House Wiki

Season Three Episodes:

  1. Meaning
  2. Cane & Able
  3. Informed Consent
  4. Lines in the Sand
  5. Fools for Love
  6. Que Será Será
  7. Son of Coma Guy
  8. Whac-A-Mole
  9. Finding Judas
  10. Merry Little Christmas
  11. Words and Deeds
  12. One Day, One Room
  13. Needle in a Haystack
  14. Insensitive
  15. Half-Wit
  16. Top Secret
  17. Fetal Position
  18. Airborne
  19. Act Your Age
  20. House Training
  21. Family
  22. Resignation
  23. The Jerk
  24. Human Error


Chase: "Parents aren't doing or dosing this kid."
House: "How would you know that? Kid can’t talk. Why do you think I took this case? He's not going to give away the ending."
―Lines in the Sand

Lines in the Sand is a 3rd season episode of House which first aired on September 26, 2006. House is drawn to the case of an autistic boy, apparently only for the reason that the patient can’t communicate well enough to give House any clues as to his condition. However, it’s House’s social skills that are soon at issue when he insists his blood-stained carpet be returned to his office. Meanwhile, a 17 year-old patient starts finding House irresistible.


A 10 year-old autistic boy named Adam is communicating with his father using pictograms. He quickly tires of it and starts drawing wavy lines with chalk. His parents start arguing about his condition and habits when Adam starts coughing, then screaming. He is taken to Princeton-Plainsboro for examination.

House takes the case, ignoring remarks from Foreman that the patient is screaming because of his autism. Cameron is astounded that House believes the parents when they say something is wrong, but House notes that his parents have been caring for him constantly and this is the first time that they've brought him to the hospital. He orders tests and an environmental scan. He jokes about how difficult it will be to perform a scan on an autistic young boy.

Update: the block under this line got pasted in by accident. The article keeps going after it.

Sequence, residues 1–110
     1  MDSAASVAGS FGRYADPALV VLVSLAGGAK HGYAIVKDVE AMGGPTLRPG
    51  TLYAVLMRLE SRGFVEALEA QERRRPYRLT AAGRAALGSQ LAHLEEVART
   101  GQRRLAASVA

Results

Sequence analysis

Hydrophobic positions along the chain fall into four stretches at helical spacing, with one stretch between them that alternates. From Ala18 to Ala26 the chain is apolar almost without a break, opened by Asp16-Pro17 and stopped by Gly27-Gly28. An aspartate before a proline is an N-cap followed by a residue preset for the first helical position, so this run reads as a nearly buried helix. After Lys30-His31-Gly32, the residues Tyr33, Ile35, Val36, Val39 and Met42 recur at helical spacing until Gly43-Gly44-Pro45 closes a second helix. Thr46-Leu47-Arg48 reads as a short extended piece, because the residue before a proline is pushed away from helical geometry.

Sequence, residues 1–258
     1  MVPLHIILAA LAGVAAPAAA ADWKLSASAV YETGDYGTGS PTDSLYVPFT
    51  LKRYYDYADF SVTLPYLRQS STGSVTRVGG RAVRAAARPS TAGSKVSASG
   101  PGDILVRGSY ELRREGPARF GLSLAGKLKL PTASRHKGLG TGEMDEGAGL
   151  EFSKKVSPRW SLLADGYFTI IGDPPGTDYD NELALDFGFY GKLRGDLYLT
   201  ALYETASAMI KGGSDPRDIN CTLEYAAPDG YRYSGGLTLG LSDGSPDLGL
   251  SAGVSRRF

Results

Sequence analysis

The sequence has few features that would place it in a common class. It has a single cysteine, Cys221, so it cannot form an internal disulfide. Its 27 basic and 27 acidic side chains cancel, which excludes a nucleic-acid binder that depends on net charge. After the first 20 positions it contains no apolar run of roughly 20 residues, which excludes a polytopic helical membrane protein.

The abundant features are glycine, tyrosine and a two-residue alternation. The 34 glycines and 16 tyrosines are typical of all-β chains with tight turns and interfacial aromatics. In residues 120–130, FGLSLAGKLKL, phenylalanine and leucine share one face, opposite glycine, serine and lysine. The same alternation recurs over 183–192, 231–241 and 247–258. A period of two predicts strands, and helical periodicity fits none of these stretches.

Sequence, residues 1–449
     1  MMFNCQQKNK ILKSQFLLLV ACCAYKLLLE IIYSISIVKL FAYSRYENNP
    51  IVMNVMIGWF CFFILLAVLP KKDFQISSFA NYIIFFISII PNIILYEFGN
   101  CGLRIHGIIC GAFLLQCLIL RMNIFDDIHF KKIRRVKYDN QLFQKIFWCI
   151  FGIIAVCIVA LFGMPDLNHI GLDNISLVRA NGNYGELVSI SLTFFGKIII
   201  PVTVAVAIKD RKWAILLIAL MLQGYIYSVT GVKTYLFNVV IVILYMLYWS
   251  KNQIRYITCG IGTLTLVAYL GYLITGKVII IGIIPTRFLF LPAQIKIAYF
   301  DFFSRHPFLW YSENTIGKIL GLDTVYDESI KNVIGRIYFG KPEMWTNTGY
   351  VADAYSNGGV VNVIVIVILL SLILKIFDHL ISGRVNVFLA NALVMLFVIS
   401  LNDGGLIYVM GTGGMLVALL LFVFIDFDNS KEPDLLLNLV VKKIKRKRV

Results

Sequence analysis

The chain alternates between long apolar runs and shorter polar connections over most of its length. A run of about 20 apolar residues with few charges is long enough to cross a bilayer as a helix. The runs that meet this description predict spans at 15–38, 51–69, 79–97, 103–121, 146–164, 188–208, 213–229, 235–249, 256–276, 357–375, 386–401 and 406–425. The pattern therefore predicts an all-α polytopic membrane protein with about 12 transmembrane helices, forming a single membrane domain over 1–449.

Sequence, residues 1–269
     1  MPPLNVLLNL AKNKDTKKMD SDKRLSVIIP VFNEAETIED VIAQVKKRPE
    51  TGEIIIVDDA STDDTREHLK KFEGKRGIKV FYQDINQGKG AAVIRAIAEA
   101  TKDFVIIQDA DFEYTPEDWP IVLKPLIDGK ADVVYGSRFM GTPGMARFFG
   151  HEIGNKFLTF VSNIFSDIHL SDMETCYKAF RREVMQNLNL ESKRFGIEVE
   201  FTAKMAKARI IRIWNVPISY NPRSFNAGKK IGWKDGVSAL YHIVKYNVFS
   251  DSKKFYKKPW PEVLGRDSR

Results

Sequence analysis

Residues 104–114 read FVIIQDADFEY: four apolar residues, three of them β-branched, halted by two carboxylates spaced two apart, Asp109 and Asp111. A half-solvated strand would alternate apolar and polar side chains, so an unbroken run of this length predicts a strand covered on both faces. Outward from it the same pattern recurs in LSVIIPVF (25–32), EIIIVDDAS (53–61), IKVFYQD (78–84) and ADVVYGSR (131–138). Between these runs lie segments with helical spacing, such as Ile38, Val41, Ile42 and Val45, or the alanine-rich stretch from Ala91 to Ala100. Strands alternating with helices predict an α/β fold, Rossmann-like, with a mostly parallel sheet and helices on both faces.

House storms to Cuddy to demand she put the carpet—stained with his blood from the attack on his life —back in his office. House tells her he won't use his office until the carpet is returned. When Cuddy resists, he starts shouting "Attica! Attica!", but Cuddy remains unmoved.

When Foreman goes to test the patient, his father tells them to wait until Adam finishes a level on his video game. Foreman, impatient, attempts to yank Adam's video game console out of his hands, causing the latter to go wild. Adam is restrained in order to get him into the scanner.

Chase and Cameron go to search the patient's house. They discuss why the parents would give up their lives to care for their son.

The tests come back normal, and House is working in the clinic with his team to stay out of his office in order to defy Cuddy. Cuddy comes in and tells House his behavior isn't going to make her change her mind about the blood-stained carpet. House orders his team to take a fecal smear. However, as the team goes to do the fecal smear, Adam starts suffer from a pleural effusion.

House retreats to Wilson's office to do his differential, but as he orders an echocardiogram and antibiotics, Wilson opens the door to find them there. He stops House from playing with his things. House asks why Wilson never throws anything out, and then drops a thank-you gift from a child patient into the trash.